scan , a built-in Tcl command, extracts values from a string according to the string representations indicated in a pattern specification.

See Also

Dump a file in hex and ASCII
Binary scan
Like scan but matches binary representations rather than textual representations.


scan string format ?varName ...?


If string matches format, which consists of literal values, whitespace, and conversion specifiers, each value matched by a conversion specifier is stored in the variable named by the next varname. If at least one varName is given, there must be at least one varName for each matching conversion specifier, and the number of matching conversion specifiers is returned. If no varName is given, a list containing the values that matched a conversion specifier is returned.

See the documentation for more details.

The following example produces a list of numbers found in the data:

scan {planet1 0.330 planet2 4.87} {planet1 %g planet2 %g}; #-> 0.330 4.87

Unicode Character to \u Sequence

Simple, but handy when examining Unicode output:

proc u2x {u} {
    scan $u %c t; format "\\u%04.4X" $t
} ;#RS

Stripping of Leading Zeroes

One important use is to possibly strip off leading zeroes from decimals:

 scan $possiblyZeroedDecimal %d cleanInteger

Context: Leading zeroes induce octal parsing in the expr command and in if and similar commands that invoke expr. Use of scan to remove leading zeros can avoid this often-reported problem.

Converting a number to an ASCII character

One very frequently-asked question is how one converts between display and numeric format for ASCII characters. Scan provides the usual answer:

foreach character {a A b B c} {
    scan $character %c numeric
    puts "ASCII character '$numeric' displays as '$character'."

This makes the table

ASCII character '97' displays as 'a'.
ASCII character '65' displays as 'A'.
ASCII character '98' displays as 'b'.
ASCII character '66' displays as 'B'.
ASCII character '99' displays as 'c'.

Unmatched Conversion Specifiers

Alastair Davies/PYK: When scan returns a list of matching values, it includes an empty string for each format specifier that wasn't matched. If there is only one format specifier, a list with one blank element is returned, and this is not the same thing as and empty string. For example, scan foo %d returns {}, which not an empty string, but a literal open-brace character followed by a literal close-brace character. The documentation states:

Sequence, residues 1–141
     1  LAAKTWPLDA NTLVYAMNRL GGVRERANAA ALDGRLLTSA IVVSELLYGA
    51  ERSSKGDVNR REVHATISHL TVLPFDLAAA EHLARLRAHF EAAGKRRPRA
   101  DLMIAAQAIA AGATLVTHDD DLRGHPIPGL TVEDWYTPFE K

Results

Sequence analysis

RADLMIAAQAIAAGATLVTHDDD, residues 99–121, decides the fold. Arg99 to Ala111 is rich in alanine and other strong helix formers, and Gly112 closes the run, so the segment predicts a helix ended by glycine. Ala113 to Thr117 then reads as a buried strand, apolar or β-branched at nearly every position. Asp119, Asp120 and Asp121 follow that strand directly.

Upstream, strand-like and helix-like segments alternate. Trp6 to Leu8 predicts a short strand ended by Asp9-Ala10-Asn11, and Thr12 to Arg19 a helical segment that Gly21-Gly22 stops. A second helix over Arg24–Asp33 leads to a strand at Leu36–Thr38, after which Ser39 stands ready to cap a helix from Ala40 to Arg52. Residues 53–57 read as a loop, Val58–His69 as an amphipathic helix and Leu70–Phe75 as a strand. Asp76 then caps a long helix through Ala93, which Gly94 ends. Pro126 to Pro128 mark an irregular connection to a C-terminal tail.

In the inline case, an empty string is returned when the end of the input string 
 is reached before any conversions have been performed. 

you might think that scan foo %d would return an empty string. But Don Porter carefully explains this special case in c.l.t:

Back to the example:

 % scan foo %d

We're going to scan the string "foo", trying to parse a decimal integer from it, and when we're done, we're going to return the results as an inline list, since we provided no variables for field value storage.

While scanning, we see "f", and "f" can't be part of a decimal integer. In the non inline case, we would assign no value to the variable associated with this field. In the inline format, an empty string is stored in the corresponding list location to represent that situation.

Now we've exhausted the format spec string. But note that we haven't reached "the end of the input string." We're still sitting at the "f". So the "underflow" case where we run out of input before we run out of format spec does not apply, and we should not expect scan to return the empty string.

To see the underflow case in action, consider these examples:

 % scan a ab
 % scan {} %d
 % scan {   } %d

In all these cases we run out of string to parse before we run out of format spec string to guide our parsing. There are more cases where this happens, but they're difficult to construct. Consult the sources and the test suite for details and more examples.

Part of the reason this does tend to be confusing is that the detection of the "underflow" case and returning the special magic empty value when it is detected is just about 100% worthless in Tcl. It's a feature of sscanf() in C that was apparently slavishly copied over without full consideration of whether it had any value in Tcl. (A common problem in built-in commands and features from Tcl's earliest days. Octal, anyone?)